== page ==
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A Smart Guy and the Creation

Is it true that all genuine scientists only accept atheism and evolution?

Acts 17.24–29

By Don Ruhl

If you were not here last Lord’s Day, I preached a sermon that I titled, “A Smart Guy and the Bible.” It was about Isaac Newton and his belief in God and the Bible, especially about Newton’s belief in the creation of the heavens as revealed in both nature and in the Bible.

However, I called him a “smart guy,” (being informal), to show that he was not greater than any other person, and that anyone of us can have the same standing before God, for you see, if Newton did not believe in God, although one of the best physicists, mathematicians, and astronomers, then any believer is greater than Sir Isaac Newton, as you can see from what Jesus said about John the Baptist, “Assuredly, I say to you, among those born of women there has not risen one greater than John the Baptist; but he who is least in the kingdom of heaven is greater than he” (Matt 11.11). John was never in the Kingdom of Heaven. Therefore, if you are in Kingdom of Heaven, you are greater than John, not because you in yourself are greater, but the difference is being in the Kingdom or not. Any great person of the world who is not in the Kingdom of Heaven is less than the least in the Kingdom of Heaven.

In 1687, Newton published, Mathematical Principles of Natural Philosophy. That is the English title, for he wrote it in Latin, Philosophiæ Naturalis Principia Mathematica. We shorten it to Principia. In the second and third editions, he added an Appendix called, General Scholium, Scholium is Latin for explanatory note. In it he explained why the heavens have perfect order and beauty.

Today, I want to show you some of the things that he said.

Natural Laws Alone Cannot Explain the Creation of the Heavens

In his General Scholium, Newton refuted René Descartes (“I think, therefore I am), on the movement of the Sun and planets, for believing that they each moved in a vortex. Descartes believed that no empty space exists, but that matter fills the places between the planets and sun, and the moving matter moves the heavenly bodies. Newton also answered some critics. Now listen to this, and I will explain it afterwards, “That the smaller Vortices may maintain their lesser revolutions about Saturn, Jupiter, and other Planets, and swim quietly and undisturb’d in the greater Vortex of the Sun, the periodic times of the parts of the Sun’s Vortex should be equal. But the rotation of the Sun and Planets about their axes, which ought to correspond with the motions of their Vortices, recede far from all these proportions.” Without knowing the details of his meaning, you can tell he discovered that the movement of the heavenly bodies does not repeat itself with every planet, but each does something different in its orbit, rotation, and tilt. I had someone explain it to me like this: Imagine children on a merry-go-round at the park. They keep telling their dad, Faster! He complies. They start flying off. You expect them to spin off in the direction of the merry-go-round, and taking into calculation their sizes, and other factors, you can predict how they will come offIf the Solar System appeared by mechanical natural laws alone.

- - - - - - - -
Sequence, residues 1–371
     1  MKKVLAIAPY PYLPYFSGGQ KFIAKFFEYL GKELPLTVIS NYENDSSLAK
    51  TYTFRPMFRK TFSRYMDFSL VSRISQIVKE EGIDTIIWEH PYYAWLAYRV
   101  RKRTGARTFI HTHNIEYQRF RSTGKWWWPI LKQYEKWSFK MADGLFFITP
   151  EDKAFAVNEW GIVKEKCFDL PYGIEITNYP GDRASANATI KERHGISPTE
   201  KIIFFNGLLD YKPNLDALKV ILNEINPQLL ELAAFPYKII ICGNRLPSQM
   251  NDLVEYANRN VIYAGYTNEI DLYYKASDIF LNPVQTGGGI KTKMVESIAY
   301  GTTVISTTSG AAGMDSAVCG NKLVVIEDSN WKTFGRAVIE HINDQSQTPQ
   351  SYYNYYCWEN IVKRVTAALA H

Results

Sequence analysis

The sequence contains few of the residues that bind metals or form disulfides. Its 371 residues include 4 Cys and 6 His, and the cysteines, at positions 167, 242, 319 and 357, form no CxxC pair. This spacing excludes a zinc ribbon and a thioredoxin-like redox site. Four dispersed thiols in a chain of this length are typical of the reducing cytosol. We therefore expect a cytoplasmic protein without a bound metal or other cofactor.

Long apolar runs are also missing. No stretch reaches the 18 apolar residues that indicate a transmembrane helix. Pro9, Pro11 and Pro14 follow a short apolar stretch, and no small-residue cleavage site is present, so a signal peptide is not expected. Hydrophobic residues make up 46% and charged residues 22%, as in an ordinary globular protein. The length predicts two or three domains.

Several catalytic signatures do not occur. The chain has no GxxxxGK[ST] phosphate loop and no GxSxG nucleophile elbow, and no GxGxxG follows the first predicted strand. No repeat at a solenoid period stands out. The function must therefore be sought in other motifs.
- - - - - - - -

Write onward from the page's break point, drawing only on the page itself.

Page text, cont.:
Therefore, Newton said this, “But though these bodies may indeed persevere in their orbits by the mere laws of gravity, yet they could by no means have at first deriv’d the regular position of the orbits themselves from those laws.” The laws of gravity hold everything in place, but the laws of gravity would not have created or allowed such variety to happen.

He said further, “But it is not to be conceived that mere mechanical causes could give birth to so many regular motions: since the Comets range over all parts of the heavens, in very eccentric orbits…This most beautiful System of the Sun, Planets, and Comets, could only proceed from the counsel and dominion of an intelligent and powerful being.” Newton saw design in the Solar System. And where you have design, he concluded you have a designer! He argued that such a system as the one in which we live, not only came from this intelligent and powerful being, but Newton argued that it continues by this Being, “This Being governs all things, not as the soul of the world, but as Lord over all: And on account of his dominion he is wont to be called Lord God Pantokrator, or Universal Ruler.” Pantokrator is a Greek word meaning Almighty or All-Powerful, found in Second Corinthians 6.8 and nine times in Revelation.

Then Sir Isaac Newton answered a question that I have had for a very long time, but have never voiced to anyone.

Man is the pinnacle of the natural creation of God. Genesis 1 shows man as the last thing God created, saving the best for last, and Genesis 2 shows the special treatment He used in creating the man and the woman. God made man in His image, which God never says about anything else in natural creation. Keeping that in mind, listen to what Moses said about the heavens, “Then God said, “Let there be lights in the firmament of the heavens to divide the day from the night; and let them be for signs and seasons, and for days and years; and let them be for lights in the firmament of the heavens to give light on the earth”; and it was so. Then God made two great lights: the greater light to rule the day, and the lesser light to rule the night. He made the stars also. God set them in the firmament of the heavens to give light on the earth, and to rule over the day and over the night, and to divide the light from the darkness. And God saw that it was good” (Gen 1.14–18). According to this passage, all the lights of the heavens, God provided for the benefit of man on the Earth. Okay, here is my question: If God made the universe for us, why did He put everything so far away from us? Newton spoke of the light of the stars, and then explained why God put them so far away from one another, “And lest the systems of the fixed Stars should, by their gravity, fall on each other mutually, he hath placed those Systems at immense distances from one another.” For the stars to provide the guidance that they do, they have to be bright, and they have to move. Immense distances prevents gravity from pulling them together, otherwise they would no longer function as signs.